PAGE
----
Head of the Reserve Bank director Ajay Choudhary said there is no “sure way” to regulate fintech players, making it clear that such companies have a responsibility to operate in a balanced manner. He said companies in the industry should have the right intent while developing offerings and robust governance for the orderly growth of the industry.
“There is no surefire way to regulate fintechs in a way that maximizes their positive impact while protecting the financial system and customers from the risks,” Choudhary said in his speech at the Global Fintech Fest here.
“If the goal is to protect and promote customer interests and the orderly development of the financial system, then the actor in the balancing act must be the fintech industry itself,” he said.
“I believe whether in life or in business, balance comes from focusing on the right things. In my opinion, it cannot just come from regulation. Regulation can only be a supporting piece while the fintech itself has to drive the big balancing act,” he added.
Choudhary said he would require fintech players to focus on customer centricity and governance, rather than viewing the latter as just compliance.
The comments come at a time when the RBI has increased its focus on the fintech sector, and its recently released guidelines on digital lending apps have caused a stir from some companies that have expressed concerns.
Previously, Choudhary said the key role for regulators is to strike a balance, adding that sustainability is about balancing the needs of the future with the needs of today.
Acknowledging that there is a technology-enabled transformation happening around the world right now, and that the contribution of fintechs is phenomenal and gratifying, Choudhary said, “We also need to be aware of the risks and protect the financial system.”
“We are working to develop an appropriate framework for the development of the fintech ecosystem to ensure that innovation is consistent with the stability of the financial system,” he said.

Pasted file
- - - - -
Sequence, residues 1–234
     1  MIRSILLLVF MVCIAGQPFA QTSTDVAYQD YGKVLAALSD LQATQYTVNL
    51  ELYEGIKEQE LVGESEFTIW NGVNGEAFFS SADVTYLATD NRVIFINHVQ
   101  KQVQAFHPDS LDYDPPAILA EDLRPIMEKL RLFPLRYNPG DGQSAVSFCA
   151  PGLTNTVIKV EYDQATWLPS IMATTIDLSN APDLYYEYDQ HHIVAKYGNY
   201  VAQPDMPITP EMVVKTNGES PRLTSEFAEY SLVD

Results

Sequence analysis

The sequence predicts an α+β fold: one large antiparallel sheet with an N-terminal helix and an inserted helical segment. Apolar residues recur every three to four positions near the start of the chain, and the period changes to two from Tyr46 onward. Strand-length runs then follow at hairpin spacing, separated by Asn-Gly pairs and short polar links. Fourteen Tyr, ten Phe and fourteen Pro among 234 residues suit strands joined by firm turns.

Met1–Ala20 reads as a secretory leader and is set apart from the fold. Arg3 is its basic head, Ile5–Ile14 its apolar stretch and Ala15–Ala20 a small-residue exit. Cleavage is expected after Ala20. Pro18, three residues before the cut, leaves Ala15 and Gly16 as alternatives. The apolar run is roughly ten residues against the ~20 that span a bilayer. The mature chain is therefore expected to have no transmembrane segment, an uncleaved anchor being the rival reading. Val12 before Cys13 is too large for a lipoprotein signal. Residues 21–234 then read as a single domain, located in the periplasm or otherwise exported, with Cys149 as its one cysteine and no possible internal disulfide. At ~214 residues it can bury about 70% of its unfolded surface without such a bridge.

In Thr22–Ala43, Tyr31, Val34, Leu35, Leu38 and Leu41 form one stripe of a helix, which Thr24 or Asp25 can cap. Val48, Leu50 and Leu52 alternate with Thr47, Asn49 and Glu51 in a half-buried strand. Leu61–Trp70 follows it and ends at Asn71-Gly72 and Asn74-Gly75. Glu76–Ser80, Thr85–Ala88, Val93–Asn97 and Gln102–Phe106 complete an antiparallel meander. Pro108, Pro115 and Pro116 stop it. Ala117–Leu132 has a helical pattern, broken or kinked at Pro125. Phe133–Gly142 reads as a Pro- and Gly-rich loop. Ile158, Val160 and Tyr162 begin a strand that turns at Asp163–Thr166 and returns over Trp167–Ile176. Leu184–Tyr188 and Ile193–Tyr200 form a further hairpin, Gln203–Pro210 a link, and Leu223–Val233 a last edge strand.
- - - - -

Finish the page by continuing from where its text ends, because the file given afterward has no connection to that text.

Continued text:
He said fintech players must avoid losses to customers, refrain from imprudent lending, avoid discrimination or biased outcomes, minimize negative outcomes, ensure financial integrity and manage the customer experience.
A company must try to be transparent, and creating and sharing key factual statements with customers will be a key aspect for customers, he added.
He said an additional regulatory target of competition has emerged through the involvement of technology companies in the financial sector, both as technology service providers and financial service providers.
Choudhary also said that a pilot project to shorten the time required for a Kisan credit card (KCC) Loans taken by farmers on minutes from the current 3-4 weeks courtesy of the automation tools.
The pilot is carried in Tamilnadu and Madhya Pradesh through automation and data provider integration, he said.
“Loan disbursement from loan application to disbursement in KCC up to Rs 1.6 lakh can be done in minutes,” compared to 3-4 weeks processing time earlier, Choudhary said.
“We just integrated and accordingly tried to connect it with all the data provided for smooth credit movement,” he said.
Choudhary said that if successful, the pilot will reduce costs, improve turnaround times and enhance the customer experience. All that is required for such a project to work is the integration of “small parts” into the bank, but he regretted that this had not happened “for tens of years”.